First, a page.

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5 focus areas for providers moving toward Stage 2

Providers pursuing meaningful use Stage 2 incentives offered by the Centers for Medicare & Medicaid Services for adoption of certified EHR technology need to be aware of key developments in order to qualify for full payment under the program. And as they study Stage 2, they will notice a number of tighter requirements and higher threshold percentages.

[See also: EHR adoption rises at solo and two-physician practices]

Dan Prevost of Arcadia Solutions, a healthcare consulting firm that advises clients on technology developments, noted that payment "requires a certain level of documentation, and you need a report to monitor that development and show what that documentation is."

Prevost outlined five challenging developments providers need to keep in focus as they move into Stage 2.

1. Structured lab results. A lab interface "makes the labor involved in managing lab results notably less," said Prevost. "Look out for a lab interface when trying to achieve Stage 2." Whereas normal lab results come back as a fax or PDF, implementing an interface means that the report feeds back in to the provider's EHR as structured data. Lab tests are a critical element of patient documentation, which itself is a major factor in attesting to Stage 2 as well as efficiently filing claims and receiving reimbursement. To attest to Stage 2, providers will need to increase their use of structured data in lab results to 55 percent.

[See also: EHR-using physicians affirm the power of exchanging health information]

2. Patient access to health information. "I've talked to patients, and it's become an expectation that they can go in and review their most recent lab results," said Prevost. "That is something that is really useful to them." In order to attest to Stage 2, providers must provide an electronic portal for health information to their patients. Five percent of their patients must have accessed the portal, raising concerns with doctors who say they have no control of patient behavior outside of the office, or who have elderly or low-income patients who may not have access to the Internet. Additionally, Prevost noted that there are "information control issues" around patient access to their health information. "As a child or an adolescent grows up, at what point should their parent no longer have access to their portal?"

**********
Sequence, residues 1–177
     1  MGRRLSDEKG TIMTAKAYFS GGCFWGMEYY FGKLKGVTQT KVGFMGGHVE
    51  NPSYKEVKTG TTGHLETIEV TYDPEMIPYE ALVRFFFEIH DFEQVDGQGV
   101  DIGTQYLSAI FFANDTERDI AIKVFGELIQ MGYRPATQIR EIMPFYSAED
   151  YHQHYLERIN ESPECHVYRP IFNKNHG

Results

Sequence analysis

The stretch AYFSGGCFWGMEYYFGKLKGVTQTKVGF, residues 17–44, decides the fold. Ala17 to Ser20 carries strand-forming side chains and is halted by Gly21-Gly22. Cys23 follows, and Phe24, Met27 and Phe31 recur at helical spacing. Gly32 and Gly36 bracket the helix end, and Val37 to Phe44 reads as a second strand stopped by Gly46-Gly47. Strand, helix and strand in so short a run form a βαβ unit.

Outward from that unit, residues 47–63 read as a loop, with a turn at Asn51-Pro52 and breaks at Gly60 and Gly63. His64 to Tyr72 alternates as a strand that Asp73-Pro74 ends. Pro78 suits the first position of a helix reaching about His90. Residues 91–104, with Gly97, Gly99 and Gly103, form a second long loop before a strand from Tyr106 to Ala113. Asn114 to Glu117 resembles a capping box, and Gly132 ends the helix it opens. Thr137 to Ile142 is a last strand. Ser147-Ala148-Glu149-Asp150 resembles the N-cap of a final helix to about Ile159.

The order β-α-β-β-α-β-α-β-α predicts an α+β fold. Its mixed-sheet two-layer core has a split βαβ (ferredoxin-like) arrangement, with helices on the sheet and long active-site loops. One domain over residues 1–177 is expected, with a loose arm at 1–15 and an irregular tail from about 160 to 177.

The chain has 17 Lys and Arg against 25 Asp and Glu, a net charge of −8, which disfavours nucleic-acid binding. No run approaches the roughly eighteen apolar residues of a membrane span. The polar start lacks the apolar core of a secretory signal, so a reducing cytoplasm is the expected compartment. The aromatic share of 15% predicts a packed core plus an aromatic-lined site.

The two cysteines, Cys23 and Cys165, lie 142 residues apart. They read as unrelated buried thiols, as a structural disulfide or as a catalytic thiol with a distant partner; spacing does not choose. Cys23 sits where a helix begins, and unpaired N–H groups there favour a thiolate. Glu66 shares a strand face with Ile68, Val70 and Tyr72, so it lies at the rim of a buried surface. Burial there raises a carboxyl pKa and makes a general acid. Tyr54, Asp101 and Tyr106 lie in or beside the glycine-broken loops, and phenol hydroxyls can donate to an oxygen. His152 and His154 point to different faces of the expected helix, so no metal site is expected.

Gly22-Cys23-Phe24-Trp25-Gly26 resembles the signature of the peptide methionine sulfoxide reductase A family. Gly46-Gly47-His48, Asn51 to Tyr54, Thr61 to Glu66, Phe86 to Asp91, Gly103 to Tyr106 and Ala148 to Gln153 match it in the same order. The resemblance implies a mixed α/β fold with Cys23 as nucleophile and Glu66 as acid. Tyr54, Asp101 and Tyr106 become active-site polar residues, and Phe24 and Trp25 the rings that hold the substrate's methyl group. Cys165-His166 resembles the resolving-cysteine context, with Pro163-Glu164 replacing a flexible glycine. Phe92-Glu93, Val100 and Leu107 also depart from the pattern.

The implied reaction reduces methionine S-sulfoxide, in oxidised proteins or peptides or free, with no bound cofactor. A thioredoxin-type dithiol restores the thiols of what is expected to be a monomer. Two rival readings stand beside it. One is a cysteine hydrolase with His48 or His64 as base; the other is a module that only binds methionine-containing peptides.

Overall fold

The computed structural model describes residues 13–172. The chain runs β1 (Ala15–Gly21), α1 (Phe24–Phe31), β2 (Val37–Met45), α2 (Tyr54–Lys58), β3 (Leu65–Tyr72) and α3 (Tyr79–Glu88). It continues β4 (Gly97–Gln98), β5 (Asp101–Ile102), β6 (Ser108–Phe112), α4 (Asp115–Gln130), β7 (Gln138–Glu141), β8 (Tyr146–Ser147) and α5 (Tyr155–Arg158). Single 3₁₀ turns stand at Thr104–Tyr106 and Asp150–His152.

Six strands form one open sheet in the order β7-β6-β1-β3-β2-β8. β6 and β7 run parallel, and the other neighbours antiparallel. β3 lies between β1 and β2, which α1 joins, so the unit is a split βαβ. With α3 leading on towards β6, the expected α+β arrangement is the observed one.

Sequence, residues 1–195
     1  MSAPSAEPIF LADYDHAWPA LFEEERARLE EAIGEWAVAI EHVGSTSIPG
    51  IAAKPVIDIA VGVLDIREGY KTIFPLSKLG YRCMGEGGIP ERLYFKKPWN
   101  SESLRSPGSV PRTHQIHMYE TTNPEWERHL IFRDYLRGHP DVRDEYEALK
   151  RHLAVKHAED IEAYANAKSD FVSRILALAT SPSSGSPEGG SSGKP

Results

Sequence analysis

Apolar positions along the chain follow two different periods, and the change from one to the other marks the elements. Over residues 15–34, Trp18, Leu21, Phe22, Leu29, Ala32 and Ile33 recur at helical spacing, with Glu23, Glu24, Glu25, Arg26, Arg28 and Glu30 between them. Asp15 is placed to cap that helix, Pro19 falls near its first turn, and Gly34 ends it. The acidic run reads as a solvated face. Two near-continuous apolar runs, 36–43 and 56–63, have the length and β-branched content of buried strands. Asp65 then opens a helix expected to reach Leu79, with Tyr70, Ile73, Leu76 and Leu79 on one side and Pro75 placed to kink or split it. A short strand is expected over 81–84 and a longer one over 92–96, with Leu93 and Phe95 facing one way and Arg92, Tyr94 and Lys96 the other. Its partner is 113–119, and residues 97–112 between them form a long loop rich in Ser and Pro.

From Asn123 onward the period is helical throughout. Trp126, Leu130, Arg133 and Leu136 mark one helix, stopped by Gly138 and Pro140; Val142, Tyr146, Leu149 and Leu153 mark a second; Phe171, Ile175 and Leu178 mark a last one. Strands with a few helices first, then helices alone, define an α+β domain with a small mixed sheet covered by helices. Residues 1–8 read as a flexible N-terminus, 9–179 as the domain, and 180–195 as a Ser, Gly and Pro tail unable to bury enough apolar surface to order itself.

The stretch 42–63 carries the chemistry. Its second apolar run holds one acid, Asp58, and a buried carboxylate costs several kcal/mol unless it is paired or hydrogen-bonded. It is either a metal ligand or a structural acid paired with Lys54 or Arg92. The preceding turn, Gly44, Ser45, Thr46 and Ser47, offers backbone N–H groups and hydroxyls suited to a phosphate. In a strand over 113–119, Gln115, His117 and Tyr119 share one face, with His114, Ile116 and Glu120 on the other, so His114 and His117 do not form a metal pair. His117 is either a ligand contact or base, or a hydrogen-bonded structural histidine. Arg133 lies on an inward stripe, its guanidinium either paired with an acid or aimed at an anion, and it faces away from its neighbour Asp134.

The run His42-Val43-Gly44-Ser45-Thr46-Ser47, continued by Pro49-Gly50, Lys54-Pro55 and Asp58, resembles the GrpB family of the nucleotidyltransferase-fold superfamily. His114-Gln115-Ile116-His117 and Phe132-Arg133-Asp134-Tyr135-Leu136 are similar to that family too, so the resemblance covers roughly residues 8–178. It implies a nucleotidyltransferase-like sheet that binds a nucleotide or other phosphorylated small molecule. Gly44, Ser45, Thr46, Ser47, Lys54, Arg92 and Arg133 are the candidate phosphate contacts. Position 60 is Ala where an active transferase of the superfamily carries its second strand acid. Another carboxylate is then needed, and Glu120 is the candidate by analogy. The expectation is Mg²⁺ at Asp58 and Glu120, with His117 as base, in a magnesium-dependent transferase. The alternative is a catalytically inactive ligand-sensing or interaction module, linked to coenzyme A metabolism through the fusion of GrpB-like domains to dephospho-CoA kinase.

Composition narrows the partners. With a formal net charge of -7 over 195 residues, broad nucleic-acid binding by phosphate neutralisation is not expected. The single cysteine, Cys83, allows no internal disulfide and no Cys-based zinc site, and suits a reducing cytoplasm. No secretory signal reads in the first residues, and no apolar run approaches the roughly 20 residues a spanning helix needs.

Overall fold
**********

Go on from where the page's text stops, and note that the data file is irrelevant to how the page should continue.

3. Ongoing submission to registries. While registries were addressed in Stage 1, fully implementing a health information exchange connection is addressed in Stage 2. Prevost said that not all providers have the tools built in to their EHR software to submit documents to registries, and that many states do not even have the required registries in place. "There's a notable discrepancy between requirements and what's available in technology," Prevost continued, pointing out that "there are a lot of requirements for Stage 2 that are a lot more demanding for vendors. As the market moves forward, we think a lot of the smaller EHR vendors are not going to be keep up with all of the changes required with Stage 2."

4. Computerized provider order entry (CPOE). A critical part of a full-flight EHR, CPOE fell under some rules during Stage 1, and those requirements have grown more demanding. In Stage 2, healthcare providers are now required to have 60 percent of their prescriptions go through CPOE, in addition to 30 percent of their labs and diagnostic images. "It's important to have an interface for not only lab results but diagnostic images," explained Prevost. CPOE, when implemented properly, can increase efficiency and reduce mistakes. Prevost noted that "this will reduce the labor-intensive stuff."

5. Summary of care referrals. When a doctor refers a patient to a specialist or another doctor, he or she must send along notes describing the patient's condition and what the specialist is needed to do. Although one or both providers may use an EHR, most systems are not linked well enough to facilitate easy transfer of data. As a result, care referrals often still take on printed form. If a summary of care "shows up on a piece of paper, then someone has to sit down and enter all these things manually, and it could be transmitted in a structured way electronically," said Prevost. Stage 2 begins to streamline the process for transmitting these documents electronically; the rules currently require that 10 percent of a practice's summaries be transmitted in an electronic fashion.
  [See also: Stage 3 MU policy draft wraps around decision support]

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